There’s plenty to say on the state of road tax in Malaysia, but as far as one-word summaries go, we can all roughly agree that words such as “confusing”, “outdated”, or “weird” hit the mark decently well.
Though some might gripe about its mere existence, most of us accept it as a necessary evil that’s used to ensure that the road network in Malaysia continues to expand and is well maintained (ideally). While there are more roads being built, there are too many examples of shoddy quality and of existing ones being neglected.
Recently, the topic of the rampant potholes that road users, particularly in the Klang Valley, have had to deal with has been thrown into sharp focus, to which the Public Works Department (JKR) have now committed to rectifying, but empty promises have been made before. Regardless of their newfound motivation, this calls into question just what our annual road tax payment is really being spent on prior to this.
Out Of Date. Out Of Mind.
In case you weren’t already aware, there is only one metric used that the Road Transport Department (JPJ) uses to calculate your road tax: engine displacement, measured in cubic centimetres.
While other countries have long since abandoned this simplistic methodology and have moved on to an emissions-based system (such as most of Europe and North America), Malaysia persists. Before more complex means of accurately calculating (primarily) how much carbon dioxide a car produces, it was generally assumed that a vehicle with a larger engine consumes more fuel and thus emits the most pollution, so encouraging buyers to purchase smaller displacement cars and automakers to offer more downsized engines also had environmental benefits.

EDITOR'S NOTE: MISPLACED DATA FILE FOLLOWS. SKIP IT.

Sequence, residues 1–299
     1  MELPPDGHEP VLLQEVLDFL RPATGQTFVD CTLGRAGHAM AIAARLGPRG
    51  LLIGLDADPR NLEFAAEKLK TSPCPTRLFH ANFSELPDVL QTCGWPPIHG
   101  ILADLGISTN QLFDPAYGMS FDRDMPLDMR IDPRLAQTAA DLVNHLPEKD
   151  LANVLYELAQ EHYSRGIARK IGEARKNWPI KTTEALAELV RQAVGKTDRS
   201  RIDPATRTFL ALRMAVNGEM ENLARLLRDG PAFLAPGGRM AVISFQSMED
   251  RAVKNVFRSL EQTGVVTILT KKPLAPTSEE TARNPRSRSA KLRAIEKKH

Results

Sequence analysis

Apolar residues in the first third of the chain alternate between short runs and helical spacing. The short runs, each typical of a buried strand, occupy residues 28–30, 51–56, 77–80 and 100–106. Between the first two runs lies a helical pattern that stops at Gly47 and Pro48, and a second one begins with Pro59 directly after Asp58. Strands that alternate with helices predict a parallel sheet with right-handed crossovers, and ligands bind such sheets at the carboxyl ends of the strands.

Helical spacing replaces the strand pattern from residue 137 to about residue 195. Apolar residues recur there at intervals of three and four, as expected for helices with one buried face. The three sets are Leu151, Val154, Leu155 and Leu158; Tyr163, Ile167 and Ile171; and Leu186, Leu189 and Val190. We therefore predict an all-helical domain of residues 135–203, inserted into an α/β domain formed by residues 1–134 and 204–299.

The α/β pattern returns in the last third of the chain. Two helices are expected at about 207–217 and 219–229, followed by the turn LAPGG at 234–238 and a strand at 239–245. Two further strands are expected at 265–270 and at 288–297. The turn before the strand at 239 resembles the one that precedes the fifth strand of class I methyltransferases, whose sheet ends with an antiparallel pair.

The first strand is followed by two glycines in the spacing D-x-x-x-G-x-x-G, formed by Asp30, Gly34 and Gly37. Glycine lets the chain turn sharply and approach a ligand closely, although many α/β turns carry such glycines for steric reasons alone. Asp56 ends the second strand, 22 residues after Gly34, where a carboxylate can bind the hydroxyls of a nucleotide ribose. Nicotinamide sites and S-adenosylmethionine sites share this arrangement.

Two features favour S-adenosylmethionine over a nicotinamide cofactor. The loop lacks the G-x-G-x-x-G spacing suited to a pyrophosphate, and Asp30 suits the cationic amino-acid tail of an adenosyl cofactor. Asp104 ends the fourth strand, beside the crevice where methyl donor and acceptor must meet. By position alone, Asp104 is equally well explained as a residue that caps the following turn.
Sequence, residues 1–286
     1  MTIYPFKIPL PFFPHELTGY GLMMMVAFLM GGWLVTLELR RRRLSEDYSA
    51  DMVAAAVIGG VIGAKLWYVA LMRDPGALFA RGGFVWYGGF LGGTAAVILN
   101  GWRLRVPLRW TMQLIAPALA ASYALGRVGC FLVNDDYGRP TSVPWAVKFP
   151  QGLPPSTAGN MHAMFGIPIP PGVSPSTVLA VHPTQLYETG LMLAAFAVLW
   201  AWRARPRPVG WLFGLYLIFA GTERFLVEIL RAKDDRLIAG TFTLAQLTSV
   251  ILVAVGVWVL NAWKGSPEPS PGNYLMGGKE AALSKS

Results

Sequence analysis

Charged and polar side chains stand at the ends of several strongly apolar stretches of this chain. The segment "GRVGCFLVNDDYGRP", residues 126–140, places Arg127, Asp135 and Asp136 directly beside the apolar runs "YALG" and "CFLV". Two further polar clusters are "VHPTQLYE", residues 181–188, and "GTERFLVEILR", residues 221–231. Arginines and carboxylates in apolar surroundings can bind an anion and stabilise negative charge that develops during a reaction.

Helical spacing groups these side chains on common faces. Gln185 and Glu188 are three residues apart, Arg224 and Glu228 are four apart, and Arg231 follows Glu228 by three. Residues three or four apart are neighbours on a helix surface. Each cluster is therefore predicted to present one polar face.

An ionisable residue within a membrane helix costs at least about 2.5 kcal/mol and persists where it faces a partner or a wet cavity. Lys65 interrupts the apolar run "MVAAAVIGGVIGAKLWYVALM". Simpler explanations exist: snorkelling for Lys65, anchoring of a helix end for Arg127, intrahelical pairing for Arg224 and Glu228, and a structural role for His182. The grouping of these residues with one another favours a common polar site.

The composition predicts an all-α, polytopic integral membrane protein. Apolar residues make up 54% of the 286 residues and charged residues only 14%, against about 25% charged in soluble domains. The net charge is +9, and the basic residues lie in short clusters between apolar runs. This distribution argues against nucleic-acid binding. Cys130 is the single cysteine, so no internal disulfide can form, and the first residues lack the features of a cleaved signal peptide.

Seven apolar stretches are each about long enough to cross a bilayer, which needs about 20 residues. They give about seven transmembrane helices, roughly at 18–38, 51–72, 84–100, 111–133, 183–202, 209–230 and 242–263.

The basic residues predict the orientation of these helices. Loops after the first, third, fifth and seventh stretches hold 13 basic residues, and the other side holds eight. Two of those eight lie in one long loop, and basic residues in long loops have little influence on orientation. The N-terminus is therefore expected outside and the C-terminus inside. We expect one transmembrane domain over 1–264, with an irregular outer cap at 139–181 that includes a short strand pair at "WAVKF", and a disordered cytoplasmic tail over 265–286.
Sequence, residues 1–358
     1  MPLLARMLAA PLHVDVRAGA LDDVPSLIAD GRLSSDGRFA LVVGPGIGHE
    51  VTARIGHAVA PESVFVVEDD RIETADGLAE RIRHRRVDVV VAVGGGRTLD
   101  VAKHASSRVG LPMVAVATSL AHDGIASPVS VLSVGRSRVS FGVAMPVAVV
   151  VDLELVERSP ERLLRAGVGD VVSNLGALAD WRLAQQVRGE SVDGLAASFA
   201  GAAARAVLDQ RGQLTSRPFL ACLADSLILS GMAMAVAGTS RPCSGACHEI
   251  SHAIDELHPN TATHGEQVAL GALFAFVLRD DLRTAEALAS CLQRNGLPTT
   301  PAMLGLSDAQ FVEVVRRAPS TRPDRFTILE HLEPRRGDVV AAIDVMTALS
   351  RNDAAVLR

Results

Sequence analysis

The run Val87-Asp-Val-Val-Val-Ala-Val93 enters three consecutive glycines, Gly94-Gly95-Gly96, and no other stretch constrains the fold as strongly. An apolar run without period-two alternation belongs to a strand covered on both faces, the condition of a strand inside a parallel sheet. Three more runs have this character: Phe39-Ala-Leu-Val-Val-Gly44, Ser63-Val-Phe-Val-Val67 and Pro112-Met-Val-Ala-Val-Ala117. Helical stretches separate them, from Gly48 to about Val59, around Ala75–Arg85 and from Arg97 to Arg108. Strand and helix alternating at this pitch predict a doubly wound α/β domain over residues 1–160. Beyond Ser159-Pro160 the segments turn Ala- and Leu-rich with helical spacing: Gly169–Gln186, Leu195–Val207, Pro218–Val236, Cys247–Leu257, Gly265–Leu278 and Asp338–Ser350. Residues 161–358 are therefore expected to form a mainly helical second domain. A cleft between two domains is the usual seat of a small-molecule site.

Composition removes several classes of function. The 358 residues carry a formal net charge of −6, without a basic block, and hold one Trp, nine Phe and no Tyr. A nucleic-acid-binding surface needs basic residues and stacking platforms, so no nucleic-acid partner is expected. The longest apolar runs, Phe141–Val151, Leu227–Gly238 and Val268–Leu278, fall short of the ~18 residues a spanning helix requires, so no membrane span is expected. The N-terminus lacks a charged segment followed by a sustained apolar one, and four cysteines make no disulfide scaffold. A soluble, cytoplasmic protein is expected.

Nowadays that’s only true to a certain degree. Not only are engines much more efficient, we’ve come to know that even small displacement engines are also very capable of as much pollution if tuned a certain way, especially if it’s turbocharged or supercharged, but that seems lost on policymakers in Malaysia.
Tiers For Fears
The tiered road tax structure that results is - unsurprisingly - baffling as it treats (or taxes) anyone with a car that has an engine above 2.0-litres (or 3,000cc) like the devil incarnate, artificially narrowing the variety of cars offered within our borders.
Most of us pay our small annual fees but ignore the underlying system, of course, mostly because by now our landscape of cars has been altered to favour everything under 2.0-litres, but also due to the fact that we’re actually aware of what a steaming mess it is. And if it doesn’t effect us, why bother delving deeper?
Let’s try breaking that road tax structure down into smaller, more easily chewable bite-size pieces.
For these purposes I’ll be talking about privately owned cars in Peninsula Malaysia, does not include SUVs and MPVs, which use a similar tiered system with different rates.
Also, automakers almost always round up your engine's displacement. For example, though your car might be described as a "1.5-litre", the accurate displacement isn't 1,500cc but is slightly lower, such as 1,498cc.
Fixed Rates (Non-Progressive)
Everything is pretty tame until the (1,600cc) 1.6L mark since you pay a fixed annual amount depending on your displacement tier that never exceeds RM90 per year. Seems reasonable.
Cars between 0-1,000cc engine capacity have a base rate of RM20 annually and are free of progressive rates. Final road tax: RM20.
Kancil and Kelisa owners, we see you.